I've lucky enough to work around the world in industries as varied as manufacturing, health care, finance, construction, agriculture, universities and so on.
It's remarkable how the same patterns keep arising -- the same chess positions, if you will.
On reflection, maybe it's not so surprising -- people are people.
One of the most common objections to Lean I've heard is, "But standardization will hinder my creativity."
"We don't want cookbook medicine/design/construction/farming/teaching..."
Let me tell you a story.
My wife, Pamela, teaches kindergarten and her class has a number of kids with learning disabilities.
Some have symptoms so severe, their therapists doubt they'll be able to speak, read or communicate easily.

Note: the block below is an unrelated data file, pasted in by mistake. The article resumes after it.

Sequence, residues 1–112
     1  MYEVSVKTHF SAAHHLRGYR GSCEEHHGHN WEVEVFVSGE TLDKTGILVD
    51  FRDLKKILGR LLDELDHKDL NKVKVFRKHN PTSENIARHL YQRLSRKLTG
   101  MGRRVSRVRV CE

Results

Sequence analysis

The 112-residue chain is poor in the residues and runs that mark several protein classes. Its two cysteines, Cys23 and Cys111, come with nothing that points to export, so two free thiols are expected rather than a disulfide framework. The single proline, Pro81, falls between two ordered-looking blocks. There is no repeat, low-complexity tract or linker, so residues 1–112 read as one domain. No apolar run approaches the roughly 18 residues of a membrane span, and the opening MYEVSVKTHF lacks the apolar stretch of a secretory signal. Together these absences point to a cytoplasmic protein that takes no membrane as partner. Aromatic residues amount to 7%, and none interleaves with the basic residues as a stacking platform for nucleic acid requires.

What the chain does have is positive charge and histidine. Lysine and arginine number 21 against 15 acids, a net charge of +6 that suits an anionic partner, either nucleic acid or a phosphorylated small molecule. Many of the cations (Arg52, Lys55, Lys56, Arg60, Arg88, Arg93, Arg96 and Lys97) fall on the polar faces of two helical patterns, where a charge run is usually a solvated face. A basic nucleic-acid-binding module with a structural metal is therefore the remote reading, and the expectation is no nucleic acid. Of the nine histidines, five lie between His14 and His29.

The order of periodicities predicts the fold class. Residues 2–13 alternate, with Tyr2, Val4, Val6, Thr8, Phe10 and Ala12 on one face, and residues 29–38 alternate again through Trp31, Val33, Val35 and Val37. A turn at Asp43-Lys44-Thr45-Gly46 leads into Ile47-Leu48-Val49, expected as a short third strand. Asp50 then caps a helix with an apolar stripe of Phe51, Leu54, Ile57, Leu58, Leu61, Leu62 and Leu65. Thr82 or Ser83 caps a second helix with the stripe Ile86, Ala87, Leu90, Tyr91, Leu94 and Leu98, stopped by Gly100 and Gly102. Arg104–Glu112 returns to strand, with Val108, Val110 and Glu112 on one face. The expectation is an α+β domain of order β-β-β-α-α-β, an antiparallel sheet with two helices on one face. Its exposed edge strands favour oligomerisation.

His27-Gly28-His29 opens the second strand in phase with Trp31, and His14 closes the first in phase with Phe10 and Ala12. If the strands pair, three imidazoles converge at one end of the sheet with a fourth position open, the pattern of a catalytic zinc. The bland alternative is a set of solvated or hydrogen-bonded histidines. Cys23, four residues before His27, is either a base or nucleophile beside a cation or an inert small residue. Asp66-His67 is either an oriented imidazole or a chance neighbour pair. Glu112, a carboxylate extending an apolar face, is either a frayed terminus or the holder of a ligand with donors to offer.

But Pam has implemented simple, visual standards for core activities -- tying your shoes, putting on you coat and mitts, going to the bathroom and so on.
As a result, all her kids are able to do all of these things without difficulty or stress.
Energy is freed up for learning.
Pam's kids develop much quicker than expected. A number of therapists have said, "Wow!"
That's the power of standards -- they free you up for learning, fun and for creating stuff.
Of course, we must remember that standards are the best way we currently know.
Standards change as we get better.
(And we get better by asking our people to figure out better & better ways of doing what we need to do)